I found Irma to be as quick a learner, as shrewd an appraiser, as droll a humourist, as relaxed about the passing show as her husband. They could on occasion be excellent conversationalists but they were never garrulous.
I never heard Irma addressing a big crowd at length, but I wager she would have come near to matching Tommy. And he was the ablest parliamentarian I ever heard.
Tommy Douglas was a Canadian politician for the ages and not the least of his worth was his modesty about himself and his attainments. In my imagination, Irma cast that particular mould for him.

The Toronto Sun
Copyright © 2006, SunMedia Corp.

DATE: Sunday, March 12, 2006
ID: 12786139
TAG: 200603120434
SECTION: Comment
2. photo of JOHN GODFREY
3. photo of BILL GRAHAM
COLUMN: The Hill


Week by week, Stephen Harper ensures his regime won’t last the year, maybe even the summer.
This prompts me to a personal rating of some in the bountiful crop of Liberals who have been scouting their prospects as his replacement as PM.
I have considered factors like age, bilingualism, career and/or political experience. Potential candidates in their late 50s or their 60s have an age handicap; those who can’t speak conversational French are moderately handicapped; and successful, in-depth political experience is highly valued.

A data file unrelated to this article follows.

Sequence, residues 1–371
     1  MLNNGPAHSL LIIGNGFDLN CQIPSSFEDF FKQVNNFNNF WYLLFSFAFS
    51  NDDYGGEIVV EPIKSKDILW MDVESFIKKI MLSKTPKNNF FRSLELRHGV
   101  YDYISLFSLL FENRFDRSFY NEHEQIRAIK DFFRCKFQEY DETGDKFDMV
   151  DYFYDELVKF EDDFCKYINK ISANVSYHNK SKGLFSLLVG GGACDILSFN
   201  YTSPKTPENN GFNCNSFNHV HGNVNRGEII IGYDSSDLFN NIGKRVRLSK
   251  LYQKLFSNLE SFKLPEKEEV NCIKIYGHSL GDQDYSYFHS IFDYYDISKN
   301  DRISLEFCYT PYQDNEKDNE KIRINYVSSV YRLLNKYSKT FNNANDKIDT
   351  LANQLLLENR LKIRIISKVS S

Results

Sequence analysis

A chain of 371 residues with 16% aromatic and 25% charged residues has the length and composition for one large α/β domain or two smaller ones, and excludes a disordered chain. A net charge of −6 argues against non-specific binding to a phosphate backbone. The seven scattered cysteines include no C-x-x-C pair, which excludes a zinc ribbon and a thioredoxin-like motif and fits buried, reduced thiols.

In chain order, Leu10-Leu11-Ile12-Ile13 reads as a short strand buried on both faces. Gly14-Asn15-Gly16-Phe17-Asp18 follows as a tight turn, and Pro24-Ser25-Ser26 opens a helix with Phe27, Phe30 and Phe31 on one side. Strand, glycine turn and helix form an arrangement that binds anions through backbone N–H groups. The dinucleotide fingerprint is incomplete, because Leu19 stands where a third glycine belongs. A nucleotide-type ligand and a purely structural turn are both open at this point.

My penchant is for well-educated, well-spoken thinkers who do not play to the mob. If Frank McKenna or John Manley were to reverse and join the race, they would Nos. 2 and 3 on my list, which follows, in descending order of my view of their potential:
1. Michael Ignatieff, 58: A bit too old to be getting into politics but he has a first-class mind, potentially the Liberals’ best since Louis St. Laurent. An articulate, sensible, forceful man, a world-class journalist, a leading academic. He speaks well and confidently.
2. John Godfrey, 64: Maybe too old, too uneasy in French, and too Toronto “arrogant,” but the ablest recent herald in Ottawa on behalf of our cities. He ought to have been put in cabinet in the ’90s. He is devoted to the party and could heal it.
3. Bill Graham, 67: Far too old and a likely one-termer but otherwise the most impressive ex-minister in this Parliament. He tends to be peremptory and impatient but takes clear, strong lines and explains them well.